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Thursday, January 23, 2014

Winter cooking using canned corn: Golden Corn Pudding

More winter vegetable dishes, using what's in my pantry, freezer and fridge. So, technically, corn is a grain and not a vegetable. But we often eat it like a vegetable.

Corn pudding is one of those dishes that you can add ingredients to and make it a hearty, main attraction for supper, or leave it plain, and it's a nice side. It often makes an appearance on our Thanksgiving table, as it's a favorite of my kids.

There are several possible add-ins: grated cheese, chopped ham, diced fresh or frozen green bell pepper, minced hot peppers (I like jalapenos), or crumbled bacon.

Corn pudding last week had frozen, leftover Christmas ham as the only add-in, but it was very hearty. I found canned corn on sale for 50 cents per can in November. Along with the ham, eggs, cream and water, this main dish cost just under $2 to serve 4 of us.

Golden Corn Pudding

serves 4 or 5


one 15.25 oz can of corn, with liquid
2 tablespoons butter
2 tablespoons flour
cream, milk or water, to add to corn liquid (drained corn liquid + extra liquid = 1 cup total)
2 eggs, separated (whites in a medium to large bowl, yolks in a small dish)
1/2 teaspoon salt
1/4 teaspoon paprika

optional add-ins (one or several):
1/2 cup grated cheese
1 1/2 cups chopped ham
1/4 cup diced bell pepper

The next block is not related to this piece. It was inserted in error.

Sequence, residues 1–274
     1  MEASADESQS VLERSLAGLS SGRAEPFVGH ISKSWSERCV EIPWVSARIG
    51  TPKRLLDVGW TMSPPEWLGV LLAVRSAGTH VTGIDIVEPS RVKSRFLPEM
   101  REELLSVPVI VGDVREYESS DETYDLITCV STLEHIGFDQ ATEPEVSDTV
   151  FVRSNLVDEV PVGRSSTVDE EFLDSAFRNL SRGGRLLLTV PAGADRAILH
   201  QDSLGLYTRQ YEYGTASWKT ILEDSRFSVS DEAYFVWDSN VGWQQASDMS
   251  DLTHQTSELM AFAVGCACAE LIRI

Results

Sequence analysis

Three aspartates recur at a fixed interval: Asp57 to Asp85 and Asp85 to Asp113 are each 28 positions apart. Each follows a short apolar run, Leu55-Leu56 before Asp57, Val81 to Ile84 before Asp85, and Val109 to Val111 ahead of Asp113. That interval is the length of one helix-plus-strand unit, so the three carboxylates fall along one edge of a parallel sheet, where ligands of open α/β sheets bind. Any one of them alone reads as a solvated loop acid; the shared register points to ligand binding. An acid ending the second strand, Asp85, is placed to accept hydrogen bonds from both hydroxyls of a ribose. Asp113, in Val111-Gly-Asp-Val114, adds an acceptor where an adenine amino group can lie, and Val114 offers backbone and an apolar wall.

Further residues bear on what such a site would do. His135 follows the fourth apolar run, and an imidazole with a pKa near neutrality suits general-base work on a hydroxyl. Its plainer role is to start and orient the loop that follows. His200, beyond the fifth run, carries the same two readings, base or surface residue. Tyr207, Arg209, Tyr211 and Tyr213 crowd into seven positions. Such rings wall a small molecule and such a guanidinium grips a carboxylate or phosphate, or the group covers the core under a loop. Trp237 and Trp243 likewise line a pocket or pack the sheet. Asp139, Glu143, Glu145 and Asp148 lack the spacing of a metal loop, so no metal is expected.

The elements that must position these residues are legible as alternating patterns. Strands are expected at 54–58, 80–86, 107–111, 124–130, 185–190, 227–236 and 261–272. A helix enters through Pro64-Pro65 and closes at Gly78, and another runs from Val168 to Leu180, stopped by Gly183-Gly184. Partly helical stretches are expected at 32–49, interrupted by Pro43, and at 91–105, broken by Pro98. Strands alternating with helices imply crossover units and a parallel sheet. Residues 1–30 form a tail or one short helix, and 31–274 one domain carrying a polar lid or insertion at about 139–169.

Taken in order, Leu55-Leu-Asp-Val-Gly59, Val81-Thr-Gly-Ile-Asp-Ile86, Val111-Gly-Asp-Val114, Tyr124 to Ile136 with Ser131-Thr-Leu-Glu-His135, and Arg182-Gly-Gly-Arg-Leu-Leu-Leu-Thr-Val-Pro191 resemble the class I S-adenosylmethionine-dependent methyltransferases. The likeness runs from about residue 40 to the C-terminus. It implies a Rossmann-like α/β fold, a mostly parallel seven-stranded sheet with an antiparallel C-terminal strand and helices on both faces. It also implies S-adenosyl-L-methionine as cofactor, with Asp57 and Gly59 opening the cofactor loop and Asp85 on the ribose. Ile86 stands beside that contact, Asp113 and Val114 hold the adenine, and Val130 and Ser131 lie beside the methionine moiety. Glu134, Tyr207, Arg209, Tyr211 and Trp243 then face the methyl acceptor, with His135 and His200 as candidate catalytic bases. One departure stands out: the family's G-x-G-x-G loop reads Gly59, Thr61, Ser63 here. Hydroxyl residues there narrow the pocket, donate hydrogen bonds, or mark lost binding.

small amount of fresh hot peppers, minced (I like about 1/2 of a jalapeno, minced)
1/4 cup crumbled, cooked bacon

Preheat oven to 350 degrees F. Butter a 2-quart round casserole or souffle baker.

Drain can of corn, reserving liquid in a measuring cup. Add cream, milk or water to reserved liquid to make 1 cup of liquid, total.

In a medium saucepan over Medium heat, melt butter. Stir in flour. Combine this with reserved corn liquid plus extra liquid of choice (cream, milk or water,) stirring well. Continue cooking until sauce is smooth and has thickened. Add drained corn, peppers and/or ham or bacon. Remove from heat.

Beat the egg yolks with a fork. Spoon a tablespoon of the sauce over egg yolks, and stir well. Add another spoonful of hot sauce to egg yolks, and stir well. Repeat one more time.

Add the warmed egg yolks to the sauce. Stir well. Return to heat (Medium), stir and heat for 3 or 4 minutes, until egg yolks have cooked and thickened the sauce slightly. Stir in salt and paprika. Remove from heat.

In medium or large bowl, use a mixer to whip the egg whites until stiff peaks form. Sprinkle with grated cheese (optional). Fold the egg yolk, sauce and corn mixture into the stiff egg whites and grated cheese.

Transfer to a prepared casserole or souffle baker. Bake for 25 to 30 minutes, until puffy, golden and eggs are set. Serve immediately.


  1. This is more steps than I usually like to do, especially whipping egg whites to a peak with my little hand mixer. Have you ever made it by adding beaten whole eggs carefully to the sauce?

    1. Hi live and learn,